Are you looking for new basketball practice drills? You’re in the right place! In this article, I’ll discuss two of my favorite practice ideas. Each one is simple and easy to implement, and works well for all ages and competitive levels. If you have a favorite drill you’d like to share with our community, please write it up in the comments box below. I’d love to see it!
The Inside/Outside Drill
This drill helps teach players to double team a post player. It teaches post players to take a shot or kick the ball back out. Finally, this drill teaches perimeter players to pass the ball inside and then slide to an open spot to possibly get the ball back.
Players need to be divided into post players or perimeter players. The post players will play offense and defense in the post while the perimeter players will play offense and defense from the perimeter. A player will play offense, then defense, and then rotate out of the drill.
Start with two offensive and two defensive players. The ball will begin on the wing with the offensive player. The other offensive player will post-up near the box. There will be a defender on each player. (refer to the diagram)
The perimeter player will either take the shot from the outside or pass the ball into the post player (no driving is allowed). When the ball is passed into the post, the outside defender will drop down and help to double team the post player.
After the perimeter player passes the ball, he should slide toward the baseline and look for the ball to be kicked back out. If the double team is late in arriving then the post player should try to score. If the double team arrives quickly and harasses the post player then the ball should
get kicked back out to the perimeter player for a shot.
The coach should make sure that the perimeter defender is dropping down fast enough to help with the double team. However, the defender shouldn’t “cheat” and leave before the pass is made. As your players get more advanced with this technique, the double-team defender can try “faking” the double team – dropping down a few steps toward the post player, then recovering back out to the wing to try and steal the return pass.
On offense, the perimeter player should shoot the ball if given the chance. It’s important to keep the perimeter defender honest and prevent him from leaving to double team too early. After entering the ball into the post, the perimeter player should slide to an open spot along the baseline or at the top of the key, or cut back door and try to receive a short drop-off pass from the post.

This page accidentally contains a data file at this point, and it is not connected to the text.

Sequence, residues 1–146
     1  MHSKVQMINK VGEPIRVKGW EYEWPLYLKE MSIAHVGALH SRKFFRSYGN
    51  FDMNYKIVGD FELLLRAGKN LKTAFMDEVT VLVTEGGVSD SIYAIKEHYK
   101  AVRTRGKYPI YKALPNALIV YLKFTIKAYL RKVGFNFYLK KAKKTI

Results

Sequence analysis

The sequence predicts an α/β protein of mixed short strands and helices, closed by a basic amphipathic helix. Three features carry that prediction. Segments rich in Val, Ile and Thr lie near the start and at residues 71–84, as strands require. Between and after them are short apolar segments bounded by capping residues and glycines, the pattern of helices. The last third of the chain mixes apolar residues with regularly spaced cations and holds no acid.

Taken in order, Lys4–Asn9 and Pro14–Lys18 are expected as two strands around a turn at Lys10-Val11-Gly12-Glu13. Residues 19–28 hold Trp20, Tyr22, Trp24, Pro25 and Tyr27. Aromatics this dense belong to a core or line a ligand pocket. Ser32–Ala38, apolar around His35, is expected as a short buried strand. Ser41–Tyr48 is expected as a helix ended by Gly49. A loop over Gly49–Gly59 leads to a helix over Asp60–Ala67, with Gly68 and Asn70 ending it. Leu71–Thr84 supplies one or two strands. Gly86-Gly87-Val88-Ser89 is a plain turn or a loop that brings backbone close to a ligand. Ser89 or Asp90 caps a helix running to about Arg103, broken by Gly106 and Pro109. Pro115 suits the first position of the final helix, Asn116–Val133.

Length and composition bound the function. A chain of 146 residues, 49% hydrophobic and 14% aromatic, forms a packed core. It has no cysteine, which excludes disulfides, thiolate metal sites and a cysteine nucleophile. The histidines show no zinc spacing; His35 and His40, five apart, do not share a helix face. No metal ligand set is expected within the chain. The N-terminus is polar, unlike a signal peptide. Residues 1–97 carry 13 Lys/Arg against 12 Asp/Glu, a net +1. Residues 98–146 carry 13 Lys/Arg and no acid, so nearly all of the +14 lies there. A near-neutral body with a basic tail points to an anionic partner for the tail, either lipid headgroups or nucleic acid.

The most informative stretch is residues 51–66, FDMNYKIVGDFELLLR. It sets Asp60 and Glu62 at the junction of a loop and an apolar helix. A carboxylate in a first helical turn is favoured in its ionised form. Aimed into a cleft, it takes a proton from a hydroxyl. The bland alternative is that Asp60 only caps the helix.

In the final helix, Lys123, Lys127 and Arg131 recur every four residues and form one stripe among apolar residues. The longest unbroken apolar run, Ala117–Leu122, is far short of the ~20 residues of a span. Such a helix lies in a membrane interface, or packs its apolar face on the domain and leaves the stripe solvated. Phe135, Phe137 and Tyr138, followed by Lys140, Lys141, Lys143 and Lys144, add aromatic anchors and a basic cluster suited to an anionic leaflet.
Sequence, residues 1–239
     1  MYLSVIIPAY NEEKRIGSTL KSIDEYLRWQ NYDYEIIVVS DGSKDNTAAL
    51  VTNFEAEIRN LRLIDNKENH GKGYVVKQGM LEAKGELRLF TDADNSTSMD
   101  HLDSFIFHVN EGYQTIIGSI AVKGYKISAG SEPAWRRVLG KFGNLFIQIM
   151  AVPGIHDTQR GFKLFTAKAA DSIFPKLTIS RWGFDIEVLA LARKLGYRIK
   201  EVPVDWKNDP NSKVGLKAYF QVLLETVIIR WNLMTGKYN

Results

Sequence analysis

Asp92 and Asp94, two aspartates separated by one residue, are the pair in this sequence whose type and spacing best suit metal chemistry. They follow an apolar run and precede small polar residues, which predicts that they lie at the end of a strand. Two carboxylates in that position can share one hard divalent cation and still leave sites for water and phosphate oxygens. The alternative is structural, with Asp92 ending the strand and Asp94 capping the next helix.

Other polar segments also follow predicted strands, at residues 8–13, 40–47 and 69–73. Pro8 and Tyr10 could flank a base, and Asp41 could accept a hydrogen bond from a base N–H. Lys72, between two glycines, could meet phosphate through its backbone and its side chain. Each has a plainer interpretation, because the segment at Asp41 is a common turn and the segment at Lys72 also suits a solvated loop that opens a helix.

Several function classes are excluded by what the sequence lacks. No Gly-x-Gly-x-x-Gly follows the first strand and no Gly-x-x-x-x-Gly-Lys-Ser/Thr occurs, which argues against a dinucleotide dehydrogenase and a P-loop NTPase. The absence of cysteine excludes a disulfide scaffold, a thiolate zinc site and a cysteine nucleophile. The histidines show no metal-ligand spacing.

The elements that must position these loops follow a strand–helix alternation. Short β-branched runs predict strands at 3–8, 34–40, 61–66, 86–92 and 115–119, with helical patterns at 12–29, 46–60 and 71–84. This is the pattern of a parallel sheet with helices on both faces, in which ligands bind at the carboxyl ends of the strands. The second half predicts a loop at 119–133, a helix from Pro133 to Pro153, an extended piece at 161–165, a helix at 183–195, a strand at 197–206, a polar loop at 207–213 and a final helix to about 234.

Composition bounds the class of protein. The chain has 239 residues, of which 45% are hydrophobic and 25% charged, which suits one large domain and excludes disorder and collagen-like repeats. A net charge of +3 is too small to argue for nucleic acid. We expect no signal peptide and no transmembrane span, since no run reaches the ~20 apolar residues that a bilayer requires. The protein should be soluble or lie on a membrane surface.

Break The Press Drill
This drill is a great way to introduce the concept of the press break – with each position on the floor having specific responsibility to get the ball inbounds and up the court.
For this drill, the 5 man (Center) begins by inbounding the ball. The 1 man (Point Guard) begins at mid-court in the circle. The 2 (Shooting Guard), 3 (Small Forward), and 4 (Power Forward) will begin in the same spots they would be for a defensive foul shot. (see the diagram)
The 3 man will be on the left side of the lane while the 2 and 4 are on the right side. When the 5 man slaps the ball, the 1 will sprint to the right side of the court. The 4 will
sprint down the middle of the court toward the opposite basket.
The 2 and the 3 will each break toward the box on their side of the foul line. The ball will get inbounded to the 2 man. The 2 man will then dribble down the middle of the court or go immediately to the Point Guard on the right side of the court. The 1 will then try to dribble the ball up the court.
This play can be run to either side of the floor. The 1 should break to whichever side of the floor the play will go to. If it goes to the left then the ball will be inbounded to the 3 man.
Throwing the “homerun” pass to the 4 man is always an option as well. Once this drill is run a few times, a defense should be added.
The coach should make sure that all the players are breaking at the proper time. Players shouldn’t be breaking too early or too late. Though the drill is designed to go specific places, the defense may dictate that other players get involved. So make sure players have their heads turned to the play at all times.
If you’d like to see some more great drills demonstrated on video, please visit my basketball practice drills page here: